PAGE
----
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Little wiggle room for post-incident drug and alcohol testing

Employers who are able to perform testing in certain circumstances still face obstacles if it isn’t done properly

By Jeffrey R. Smith

There has been quite a battle waged within Canada’s employment law landscape over the ability of employers to test employees for drug and alcohol use. Both sides have good points in their favour and it’s been quite the debate, as evidenced by back-and-forth decisions by various courts and arbitrators in different jurisdictions across the country.

Employers want to protect their business and ensure productivity of employees while at work, as well as ensure the workplace is safe. This is why some decisions have come in favour of workplace drug and alcohol testing, but only for safety-sensitive positions when it comes to random testing. For other positions, testing is not OK, as it can be viewed as an unacceptable invasion of privacy.

The anti-testing contingent emphasizes this invasion of privacy and the human rights issue it raises, because testing often involves taking a sample from an employee’s body – such as urine or blood tests. In addition, there are skeptics over the reliability of tests in proving whether an employee is actually intoxicated at work. For example, it’s been proven traces of marijuana remain in a person’s system long after use and the effects have worn off – sometimes days or even weeks. So a positive test for marijuana wouldn’t really prove anything, other than that the employee used or was exposed to the drug sometime in the recent past.

While random testing has faced a difficult road, post-incident testing is becoming a little more accepted. This involves testing of an employee only in the wake of an accident at work as part of the investigation into the cause of the accident. It can potentially reveal intoxication as a contributing factor or rule it out. However, if an employer wants to use post-incident testing, it needs to have a clear policy or collective agreement clause spelling out the process and when it can be used, then follow it to the letter. Failure to do so could mean trouble, given the volatility of the drug and alcohol testing debate.

Take the case of a Canadian Pacific Railway (CPR) worker who, while on the job in a CPR truck, slid into a vehicle in front of him on an icy road. There was minor damage to the CPR truck and the other vehicle, so they exchanged information. The worker then reported the accident to his supervisor, who told him to keep working while he checked with higher-ups on what to do.

The supervisor got back to the worker and said he would need to report for post-incident substance testing. They weren’t sure of the procedure, so the worker was allowed to keep working while the supervisor investigated further. The worker was later told to drive himself to meet a member of management for testing.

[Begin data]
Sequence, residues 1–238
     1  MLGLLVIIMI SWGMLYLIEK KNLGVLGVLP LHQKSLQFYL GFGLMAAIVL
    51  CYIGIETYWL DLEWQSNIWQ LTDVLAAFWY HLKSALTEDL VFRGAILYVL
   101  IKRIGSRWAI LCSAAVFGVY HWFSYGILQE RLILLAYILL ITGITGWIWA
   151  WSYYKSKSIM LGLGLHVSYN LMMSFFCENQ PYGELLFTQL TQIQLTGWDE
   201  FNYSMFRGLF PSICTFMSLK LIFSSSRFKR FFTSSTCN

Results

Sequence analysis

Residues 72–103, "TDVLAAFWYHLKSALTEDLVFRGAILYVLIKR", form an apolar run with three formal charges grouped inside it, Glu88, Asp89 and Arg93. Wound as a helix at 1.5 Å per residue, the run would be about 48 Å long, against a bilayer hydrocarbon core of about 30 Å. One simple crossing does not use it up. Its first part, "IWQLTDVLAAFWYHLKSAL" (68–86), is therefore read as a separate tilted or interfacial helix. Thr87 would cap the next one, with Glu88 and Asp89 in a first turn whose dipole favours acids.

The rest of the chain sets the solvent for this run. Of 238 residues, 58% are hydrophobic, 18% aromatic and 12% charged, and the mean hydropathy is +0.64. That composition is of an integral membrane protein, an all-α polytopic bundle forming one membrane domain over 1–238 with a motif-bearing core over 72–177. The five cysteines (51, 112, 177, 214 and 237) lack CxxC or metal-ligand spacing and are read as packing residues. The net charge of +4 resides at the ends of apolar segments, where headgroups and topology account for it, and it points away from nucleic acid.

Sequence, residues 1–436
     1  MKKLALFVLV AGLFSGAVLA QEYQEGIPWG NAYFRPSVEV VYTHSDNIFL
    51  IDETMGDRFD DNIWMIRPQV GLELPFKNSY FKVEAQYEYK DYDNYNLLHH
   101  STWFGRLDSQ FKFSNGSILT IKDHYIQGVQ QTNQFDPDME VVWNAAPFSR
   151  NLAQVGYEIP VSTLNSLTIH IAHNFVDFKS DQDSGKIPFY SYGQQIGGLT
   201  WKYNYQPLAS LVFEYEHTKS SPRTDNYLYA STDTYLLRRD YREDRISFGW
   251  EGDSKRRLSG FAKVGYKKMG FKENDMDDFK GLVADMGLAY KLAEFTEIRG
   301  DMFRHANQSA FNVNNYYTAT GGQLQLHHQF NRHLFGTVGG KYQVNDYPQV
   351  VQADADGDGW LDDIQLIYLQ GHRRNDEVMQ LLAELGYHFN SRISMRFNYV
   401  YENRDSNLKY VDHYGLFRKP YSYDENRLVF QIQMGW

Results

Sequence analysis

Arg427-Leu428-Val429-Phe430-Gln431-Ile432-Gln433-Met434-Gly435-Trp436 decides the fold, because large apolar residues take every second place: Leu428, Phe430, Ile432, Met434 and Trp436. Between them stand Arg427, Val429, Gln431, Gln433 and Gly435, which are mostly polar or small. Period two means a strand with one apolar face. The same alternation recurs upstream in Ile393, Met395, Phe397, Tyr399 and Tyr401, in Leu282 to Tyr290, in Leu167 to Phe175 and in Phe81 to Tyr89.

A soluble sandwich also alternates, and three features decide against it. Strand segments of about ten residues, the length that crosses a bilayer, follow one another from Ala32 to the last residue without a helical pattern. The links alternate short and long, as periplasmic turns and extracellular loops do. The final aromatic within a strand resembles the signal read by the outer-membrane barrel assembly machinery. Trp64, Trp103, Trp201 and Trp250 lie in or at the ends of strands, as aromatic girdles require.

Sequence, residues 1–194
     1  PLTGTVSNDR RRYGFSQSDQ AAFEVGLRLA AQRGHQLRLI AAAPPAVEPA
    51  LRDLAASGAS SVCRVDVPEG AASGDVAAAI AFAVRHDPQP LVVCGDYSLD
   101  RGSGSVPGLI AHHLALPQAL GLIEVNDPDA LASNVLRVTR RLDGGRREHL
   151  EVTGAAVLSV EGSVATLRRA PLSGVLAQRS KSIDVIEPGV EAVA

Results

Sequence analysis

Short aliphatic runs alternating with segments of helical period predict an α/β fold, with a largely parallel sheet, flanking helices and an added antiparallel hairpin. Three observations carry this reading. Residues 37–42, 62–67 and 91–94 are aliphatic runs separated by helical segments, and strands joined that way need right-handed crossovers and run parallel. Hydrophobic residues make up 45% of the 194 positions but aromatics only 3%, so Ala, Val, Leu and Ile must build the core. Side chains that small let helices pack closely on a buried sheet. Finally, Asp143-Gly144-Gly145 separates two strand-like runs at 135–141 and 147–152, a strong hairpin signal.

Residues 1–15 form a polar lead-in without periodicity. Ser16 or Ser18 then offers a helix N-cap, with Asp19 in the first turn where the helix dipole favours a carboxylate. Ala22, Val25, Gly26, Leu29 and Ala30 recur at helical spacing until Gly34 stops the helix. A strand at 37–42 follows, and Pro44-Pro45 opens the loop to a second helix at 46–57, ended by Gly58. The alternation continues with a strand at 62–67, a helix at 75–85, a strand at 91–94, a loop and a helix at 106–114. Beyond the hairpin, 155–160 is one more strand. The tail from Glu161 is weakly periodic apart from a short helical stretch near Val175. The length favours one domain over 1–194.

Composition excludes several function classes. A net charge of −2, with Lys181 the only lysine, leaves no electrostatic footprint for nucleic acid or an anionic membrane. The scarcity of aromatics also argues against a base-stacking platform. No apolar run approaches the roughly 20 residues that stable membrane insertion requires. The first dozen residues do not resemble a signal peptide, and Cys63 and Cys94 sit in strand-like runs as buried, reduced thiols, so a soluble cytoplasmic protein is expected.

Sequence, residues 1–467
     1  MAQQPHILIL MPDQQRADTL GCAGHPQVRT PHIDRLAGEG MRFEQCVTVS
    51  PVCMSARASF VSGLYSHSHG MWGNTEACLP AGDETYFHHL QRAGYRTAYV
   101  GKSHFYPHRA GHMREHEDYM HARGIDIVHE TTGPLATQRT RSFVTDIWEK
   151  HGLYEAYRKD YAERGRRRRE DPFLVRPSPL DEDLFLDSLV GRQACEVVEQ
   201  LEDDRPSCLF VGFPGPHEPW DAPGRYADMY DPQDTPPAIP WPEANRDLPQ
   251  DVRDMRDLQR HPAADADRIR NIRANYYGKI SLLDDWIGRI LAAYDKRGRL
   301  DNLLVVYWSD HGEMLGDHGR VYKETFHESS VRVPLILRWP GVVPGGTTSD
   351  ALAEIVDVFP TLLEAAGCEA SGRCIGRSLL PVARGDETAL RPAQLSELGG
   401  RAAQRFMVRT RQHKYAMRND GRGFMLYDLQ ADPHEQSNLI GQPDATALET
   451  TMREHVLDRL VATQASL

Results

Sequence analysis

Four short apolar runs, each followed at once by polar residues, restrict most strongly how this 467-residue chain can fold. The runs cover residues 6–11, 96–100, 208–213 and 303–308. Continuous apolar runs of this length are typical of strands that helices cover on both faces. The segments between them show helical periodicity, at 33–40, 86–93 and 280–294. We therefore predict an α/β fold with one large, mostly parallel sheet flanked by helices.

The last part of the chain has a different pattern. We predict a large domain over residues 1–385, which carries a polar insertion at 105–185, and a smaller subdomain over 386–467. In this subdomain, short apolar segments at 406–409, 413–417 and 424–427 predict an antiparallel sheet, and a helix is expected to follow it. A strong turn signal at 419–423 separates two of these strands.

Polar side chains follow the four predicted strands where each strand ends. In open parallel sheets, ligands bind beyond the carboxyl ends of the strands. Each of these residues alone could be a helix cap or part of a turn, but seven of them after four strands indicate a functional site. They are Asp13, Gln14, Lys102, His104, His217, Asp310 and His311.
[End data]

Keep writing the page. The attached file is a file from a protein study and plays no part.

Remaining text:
After the test, the worker was held out of service pending the results. In an interview, the worker said he thought he had left enough room between himself and the car in front of him, but acknowledged that perhaps he didn’t in the icy conditions. He had also mentioned to a supervisor earlier that the tires on the truck were worn. CPR felt the worker was at fault for the accident because it was a rear-ending, so it kept him on suspension even after the test results came back negative.

In finding the worker wasn’t at fault for the accident because of the icy conditions and worn tires, an arbitrator determined CPR didn’t have grounds to order a substance test under the policy set out in the collective agreement. No one in management met with the worker following the accident, nor did anyone look at the truck. The decision to order a test was made solely on the worker’s reporting of the accident over the phone. In addition, the worker was allowed to continue to work while the proper procedure was determined, showing CPR wasn’t really concerned the worker might be intoxicated. See Canadian Pacific Railway and IBEW System Council No. 11 (Jones), Re, 2014 CarswellNat 5826 (Can. Arb.).

Testing employees for drug and alcohol use at work can be a delicate process. Even when an employee has a policy in place, there can be trouble if that policy isn’t followed properly, particularly when it comes to post-incident testing. There obviously is also a time-limit when it comes to post-incident testing, which can raise questions as to the effectiveness of the test – adding fuel to the fire in the battle over workplace drug and alcohol testing.

© Copyright Canadian HR Reporter, Thomson Reuters Canada Limited. All rights reserved.

Jeffrey R. Smith

Jeffrey R. Smith is the editor of Canadian Employment Law Today, a publication that looks at workplace law from a business perspective.
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  • The law on testing
    Thursday, September 28, 2017 3:29:00 PM by Jeffrey R. Smith
    I don't believe any changes have been made to employment standards. Much of the law on testing comes from case law, where different forms of testing have been put under scrutiny - necessity vs. employee privacy. Methods of testing for marijuana are constantly improving. Some methods (such as urinalysis) don't hold up to proving impairment, but others are becoming useful. Impairment doesn't have to be the sole cause of an accident, the testing just has to show with probable cause that an employee was impaired at the time of the accident. Or, in the case of safety-sensitive positions, while the employee was working where drug testing has been approved.